Of course, there are situations where we might need to survive in the wild, without having the convenience of our bug out bag being with us. In those cases we’d either need to build a shelter from the available material or find something that’s already available. While I have nothing against building a shelter from what nature provides, it just makes sense to see if there’s something already available, before going through the trouble of building something.
This takes looking with an eye to see beyond the obvious. Many of the natural shelters we find need a little modification in order to work. They are more partial shelters, than whole shelters. Still, using one as a basis and adding our tarp can turn it into a very comfortable shelter indeed.
In the Old West, cowboys and drifters kept their eyes open for shelter constantly, when they were on the trail. One never knew when they might need a shelter, if not that night, then another. Many of these men’s heads contained a traveler’s guide to trails, water holes and campsites they had never been in, but had heard others talk about.
So, what sorts of natural shelters can we expect to find, when out in the wilderness?
- Caves – Probably the best shelter that nature has to offer is a cave. Surprisingly, they can be found in almost any type of geography. However, they aren’t all safe to go into; so, take care if you find one. Make sure that something else doesn’t call it home, before making it yours.
- Rock Outcroppings – While a rock outcropping isn’t a cave, it can be a great start to a shelter. Often there will be rocks sitting together in such a way that stringing a tarp across the top will make an excellent shelter.
- Undercut Embankment – Flood waters flowing downstream can and often do cut away from the embankment, leaving the untouched rock or soil above. This can form a shallow cave, providing at least some protection from the wind and rain.
- Upturned Tree – Many times when large trees fall due to storms, the root ball provides an opportunity for shelter. At a minimum, it provides a wall which might block the wind. But if the tree falls in such a way as to leave space under the trunk, it can shelter from both wind and rain.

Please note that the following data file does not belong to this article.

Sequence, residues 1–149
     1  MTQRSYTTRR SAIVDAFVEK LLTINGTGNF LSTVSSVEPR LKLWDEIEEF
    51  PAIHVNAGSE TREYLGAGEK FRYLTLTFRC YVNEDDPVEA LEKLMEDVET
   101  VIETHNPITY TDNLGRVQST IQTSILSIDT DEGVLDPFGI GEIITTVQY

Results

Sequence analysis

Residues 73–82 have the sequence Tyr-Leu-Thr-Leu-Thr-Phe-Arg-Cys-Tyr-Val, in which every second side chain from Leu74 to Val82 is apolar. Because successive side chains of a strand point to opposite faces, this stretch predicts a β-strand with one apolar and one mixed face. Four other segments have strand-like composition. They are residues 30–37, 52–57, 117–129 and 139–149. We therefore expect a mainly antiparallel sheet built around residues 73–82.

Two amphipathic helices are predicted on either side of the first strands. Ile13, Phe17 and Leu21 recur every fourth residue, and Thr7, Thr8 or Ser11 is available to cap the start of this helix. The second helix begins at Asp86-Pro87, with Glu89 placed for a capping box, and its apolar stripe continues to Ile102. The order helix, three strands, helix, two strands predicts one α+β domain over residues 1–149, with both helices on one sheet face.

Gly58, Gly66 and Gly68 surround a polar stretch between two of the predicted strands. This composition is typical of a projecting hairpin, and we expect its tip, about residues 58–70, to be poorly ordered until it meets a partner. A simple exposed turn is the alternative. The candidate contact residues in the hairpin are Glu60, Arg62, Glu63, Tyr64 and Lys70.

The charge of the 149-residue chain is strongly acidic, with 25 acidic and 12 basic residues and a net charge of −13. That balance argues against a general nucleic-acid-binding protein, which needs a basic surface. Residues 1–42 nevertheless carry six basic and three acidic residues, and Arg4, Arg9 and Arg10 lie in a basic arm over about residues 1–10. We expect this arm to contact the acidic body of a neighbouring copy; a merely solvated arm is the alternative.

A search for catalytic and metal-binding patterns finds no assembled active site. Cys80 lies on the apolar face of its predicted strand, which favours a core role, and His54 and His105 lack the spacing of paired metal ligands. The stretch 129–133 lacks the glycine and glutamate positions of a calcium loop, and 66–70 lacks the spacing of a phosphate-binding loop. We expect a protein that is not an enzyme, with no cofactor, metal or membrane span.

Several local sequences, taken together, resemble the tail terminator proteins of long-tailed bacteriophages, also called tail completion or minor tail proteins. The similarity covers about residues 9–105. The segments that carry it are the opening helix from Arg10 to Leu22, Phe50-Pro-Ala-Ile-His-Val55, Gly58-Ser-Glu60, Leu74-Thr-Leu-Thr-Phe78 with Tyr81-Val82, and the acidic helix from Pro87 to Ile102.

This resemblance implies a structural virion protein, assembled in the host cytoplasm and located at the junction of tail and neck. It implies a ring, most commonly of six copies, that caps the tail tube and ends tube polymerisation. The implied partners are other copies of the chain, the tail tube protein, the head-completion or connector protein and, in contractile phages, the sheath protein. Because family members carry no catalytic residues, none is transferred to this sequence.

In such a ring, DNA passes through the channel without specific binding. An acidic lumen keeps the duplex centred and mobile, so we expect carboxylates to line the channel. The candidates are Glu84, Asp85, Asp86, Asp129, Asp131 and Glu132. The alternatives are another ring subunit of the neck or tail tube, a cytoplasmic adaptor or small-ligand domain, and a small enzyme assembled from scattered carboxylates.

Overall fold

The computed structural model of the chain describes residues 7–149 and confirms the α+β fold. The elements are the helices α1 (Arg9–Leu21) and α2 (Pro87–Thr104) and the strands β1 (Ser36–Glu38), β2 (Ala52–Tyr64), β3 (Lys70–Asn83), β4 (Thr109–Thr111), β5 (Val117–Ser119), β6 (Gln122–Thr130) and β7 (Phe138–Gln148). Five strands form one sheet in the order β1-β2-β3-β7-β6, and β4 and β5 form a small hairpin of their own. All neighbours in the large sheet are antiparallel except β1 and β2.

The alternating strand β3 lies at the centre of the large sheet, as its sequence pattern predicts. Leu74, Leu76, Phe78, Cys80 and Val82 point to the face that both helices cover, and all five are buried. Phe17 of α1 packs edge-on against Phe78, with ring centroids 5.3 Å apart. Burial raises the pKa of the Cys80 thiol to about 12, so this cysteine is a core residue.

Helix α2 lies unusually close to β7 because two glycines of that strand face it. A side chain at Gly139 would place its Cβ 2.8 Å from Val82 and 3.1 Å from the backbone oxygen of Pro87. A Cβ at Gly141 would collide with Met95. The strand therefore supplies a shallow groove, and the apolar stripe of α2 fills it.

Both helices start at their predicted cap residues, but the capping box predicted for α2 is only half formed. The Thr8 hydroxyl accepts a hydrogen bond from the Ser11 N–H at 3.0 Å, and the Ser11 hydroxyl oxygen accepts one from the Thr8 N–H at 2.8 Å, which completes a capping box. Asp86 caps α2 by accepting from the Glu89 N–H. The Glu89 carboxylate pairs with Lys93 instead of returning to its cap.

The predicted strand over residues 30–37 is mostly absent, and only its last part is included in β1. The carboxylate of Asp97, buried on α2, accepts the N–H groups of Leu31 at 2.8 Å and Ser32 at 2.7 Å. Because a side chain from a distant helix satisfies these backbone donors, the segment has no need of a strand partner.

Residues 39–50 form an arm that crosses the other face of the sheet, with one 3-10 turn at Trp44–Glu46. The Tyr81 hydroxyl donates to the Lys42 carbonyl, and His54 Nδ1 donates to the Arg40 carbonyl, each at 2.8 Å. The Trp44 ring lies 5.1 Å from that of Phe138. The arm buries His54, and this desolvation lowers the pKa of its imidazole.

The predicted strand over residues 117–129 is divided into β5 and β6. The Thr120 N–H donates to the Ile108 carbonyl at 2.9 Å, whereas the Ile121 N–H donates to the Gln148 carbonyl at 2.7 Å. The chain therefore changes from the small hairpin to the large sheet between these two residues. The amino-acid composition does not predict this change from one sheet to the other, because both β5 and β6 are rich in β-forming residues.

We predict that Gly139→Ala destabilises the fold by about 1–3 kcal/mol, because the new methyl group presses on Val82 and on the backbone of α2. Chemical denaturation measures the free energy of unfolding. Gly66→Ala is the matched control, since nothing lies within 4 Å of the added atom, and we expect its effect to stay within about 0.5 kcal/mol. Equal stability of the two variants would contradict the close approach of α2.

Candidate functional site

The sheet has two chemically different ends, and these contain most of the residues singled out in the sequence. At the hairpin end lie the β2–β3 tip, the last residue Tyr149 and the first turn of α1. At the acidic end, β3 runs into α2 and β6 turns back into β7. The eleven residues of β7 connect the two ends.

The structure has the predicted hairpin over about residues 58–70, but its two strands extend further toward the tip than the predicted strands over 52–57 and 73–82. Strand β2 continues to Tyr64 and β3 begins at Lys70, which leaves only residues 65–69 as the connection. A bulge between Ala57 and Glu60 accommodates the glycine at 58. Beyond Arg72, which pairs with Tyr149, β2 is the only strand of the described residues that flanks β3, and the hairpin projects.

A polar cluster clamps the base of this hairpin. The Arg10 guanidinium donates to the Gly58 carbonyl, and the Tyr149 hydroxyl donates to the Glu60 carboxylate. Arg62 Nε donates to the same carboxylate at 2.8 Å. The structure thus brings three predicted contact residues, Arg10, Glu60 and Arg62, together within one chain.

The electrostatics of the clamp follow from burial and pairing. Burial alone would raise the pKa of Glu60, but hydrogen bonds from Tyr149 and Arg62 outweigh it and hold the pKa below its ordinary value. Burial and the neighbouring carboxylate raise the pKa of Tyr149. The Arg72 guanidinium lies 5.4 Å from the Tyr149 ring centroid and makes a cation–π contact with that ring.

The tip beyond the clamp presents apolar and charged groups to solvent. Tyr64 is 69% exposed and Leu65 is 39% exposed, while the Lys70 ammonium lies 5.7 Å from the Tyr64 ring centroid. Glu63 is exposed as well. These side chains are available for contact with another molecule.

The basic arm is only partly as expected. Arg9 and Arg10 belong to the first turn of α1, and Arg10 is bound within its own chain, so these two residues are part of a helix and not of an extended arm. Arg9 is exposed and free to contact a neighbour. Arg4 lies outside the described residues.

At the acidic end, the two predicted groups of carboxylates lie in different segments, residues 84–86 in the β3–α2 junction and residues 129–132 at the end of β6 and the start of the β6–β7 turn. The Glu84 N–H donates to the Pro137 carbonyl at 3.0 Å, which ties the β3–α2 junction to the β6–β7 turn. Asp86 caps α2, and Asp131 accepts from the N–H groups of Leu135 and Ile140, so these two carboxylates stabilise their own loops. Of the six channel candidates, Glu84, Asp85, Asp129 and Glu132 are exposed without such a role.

- Thicket – One of the simplest natural shelters is a thicket of trees. There’s usually enough room to get between them, where the overhead branches provide some protection from the rain and the trunks and underbrush provide some protection from the wind.
- Pine Tree – One of my personal favorites is a big old pine tree. There’s usually space under the bottom branches, even though their tips may brush the ground. That space will be covered with a blanket of pine needles to sleep on. About the only thing that usually has to be done is to break or cut off some of the dead branches under there.
Always remember that you should stop two hours before sunset, when traveling in the wild. Those two hours will be needed for gathering fuel, starting a fire and erecting a shelter. Once the fire is lit, the light from it will make it possible to cook dinner, so leave that until everything else is done.
Oh, and make sure you are carrying a Tactical Tomahawk with you.
Cooking When the Grid Goes Down
All that food in your survival stockpile isn’t going to do you the least bit of good if you can’t cook it. Most of us are so accustomed to just turning on our stoves and cooking, that we might not be ready for cooking if that stove doesn’t work. But if the grid goes down, an electric stove will definitely be out of the question and a gas stove might not work either.